(Bloomberg) -- India’s Fractal Analytics Inc., a provider of artificial intelligence and analytics solutions to global companies, is exploring an initial public offering to fuel its growth as the pandemic helps to boost demand for its services.
Besides weighing an IPO, Fractal is assessing interest from investors valuing the company at significantly more than $1 billion, Srikanth Velamakanni, co-founder and chief executive officer, said in an interview via video on Tuesday. It has received $325 million in funding so far from investors including Apax Partners.
The pandemic has accelerated a push by companies to move functions to the cloud, a boon for analytics providers such as Fractal that make such processes more efficient. Fractal, whose customers include Alphabet Inc.’s Google, Reckitt Benckiser Group Plc and Wells Fargo & Co., is predicting revenue to increase 37% to $160 million in the fiscal year ending March 2022.
“The floodgates have opened,” Velamakanni said from Mumbai. “We have the scale to be a public company.”India has more than a thousand software-as-a-service providers and the industry is set to increase its annual revenue to $70 billion by 2030 from about $3 billion now, according to a recent report by consultancy McKinsey & Co., trade group SaasBoomi and India’s software industry body, Nasscom. The country’s contenders are set to control about 6% of the global SaaS market estimated to be worth $1.3 trillion by the end of the decade, according to the report.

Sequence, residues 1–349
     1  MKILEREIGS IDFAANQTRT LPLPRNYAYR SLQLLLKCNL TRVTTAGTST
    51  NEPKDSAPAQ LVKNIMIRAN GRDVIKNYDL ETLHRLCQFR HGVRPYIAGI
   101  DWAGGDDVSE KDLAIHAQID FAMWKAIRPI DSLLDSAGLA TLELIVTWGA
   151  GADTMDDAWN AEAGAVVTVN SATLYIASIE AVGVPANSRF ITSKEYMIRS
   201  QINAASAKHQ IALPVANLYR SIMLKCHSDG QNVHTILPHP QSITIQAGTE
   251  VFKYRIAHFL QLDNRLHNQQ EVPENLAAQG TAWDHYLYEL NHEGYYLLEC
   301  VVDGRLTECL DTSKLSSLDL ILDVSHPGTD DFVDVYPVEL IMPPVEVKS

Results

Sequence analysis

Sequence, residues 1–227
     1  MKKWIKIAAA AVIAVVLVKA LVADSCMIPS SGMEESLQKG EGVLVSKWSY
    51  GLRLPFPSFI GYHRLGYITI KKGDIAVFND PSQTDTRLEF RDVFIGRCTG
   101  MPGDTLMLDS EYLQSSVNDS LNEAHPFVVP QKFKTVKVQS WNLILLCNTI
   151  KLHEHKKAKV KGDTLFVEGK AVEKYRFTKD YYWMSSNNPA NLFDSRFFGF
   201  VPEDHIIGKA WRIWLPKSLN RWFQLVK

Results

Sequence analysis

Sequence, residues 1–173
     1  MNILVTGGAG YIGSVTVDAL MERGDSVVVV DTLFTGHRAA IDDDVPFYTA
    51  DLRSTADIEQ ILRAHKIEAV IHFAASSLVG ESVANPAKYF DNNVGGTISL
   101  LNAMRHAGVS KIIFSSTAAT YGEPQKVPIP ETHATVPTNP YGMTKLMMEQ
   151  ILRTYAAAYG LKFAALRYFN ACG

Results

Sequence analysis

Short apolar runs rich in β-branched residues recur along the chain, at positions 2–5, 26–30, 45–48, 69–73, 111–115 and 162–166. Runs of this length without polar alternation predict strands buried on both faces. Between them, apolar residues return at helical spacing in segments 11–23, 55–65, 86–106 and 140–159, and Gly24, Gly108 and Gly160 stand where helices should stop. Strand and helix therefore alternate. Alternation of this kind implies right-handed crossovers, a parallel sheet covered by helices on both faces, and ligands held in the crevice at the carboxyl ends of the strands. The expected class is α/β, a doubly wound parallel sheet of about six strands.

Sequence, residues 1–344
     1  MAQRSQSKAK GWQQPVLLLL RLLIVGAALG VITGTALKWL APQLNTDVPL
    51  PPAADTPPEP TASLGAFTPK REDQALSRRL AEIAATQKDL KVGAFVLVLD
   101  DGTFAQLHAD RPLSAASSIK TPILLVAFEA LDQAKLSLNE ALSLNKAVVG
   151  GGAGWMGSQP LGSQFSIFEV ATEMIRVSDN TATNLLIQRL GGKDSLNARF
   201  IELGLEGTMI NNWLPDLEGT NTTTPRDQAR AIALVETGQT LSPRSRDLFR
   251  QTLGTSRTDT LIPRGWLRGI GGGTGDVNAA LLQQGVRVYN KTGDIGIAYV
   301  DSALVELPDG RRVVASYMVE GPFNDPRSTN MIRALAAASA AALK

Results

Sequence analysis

Fractal has its main offices in Mumbai and New York and 2,400 employees in 16 locations across the globe, including India, the U.S., U.K., Ukraine and Australia. The company plans to add 1,500 workers this year, mainly in India, Velamakanni said.
Revenue in the fiscal year after this one is set to reach $250 million, he said. Among Fractal’s new initiatives is Crux Intelligence, which combines machine learning and natural language processing to allow enterprises to easily gather business intelligence from data and convert such analysis into action.“It’s like the Siri or Google Assistant for businesses,” said Kathy Leake, the head of Crux Intelligence. “Customers can query in simple language and have data analysis and personalized business insights at their fingertips.”Fractal has also incubated several other AI projects including Qure.ai to assist radiologists in their diagnostic decisions, Theremin.ai to improve investment decisions and Eugenie.ai to find anomalies in high-velocity data streams.
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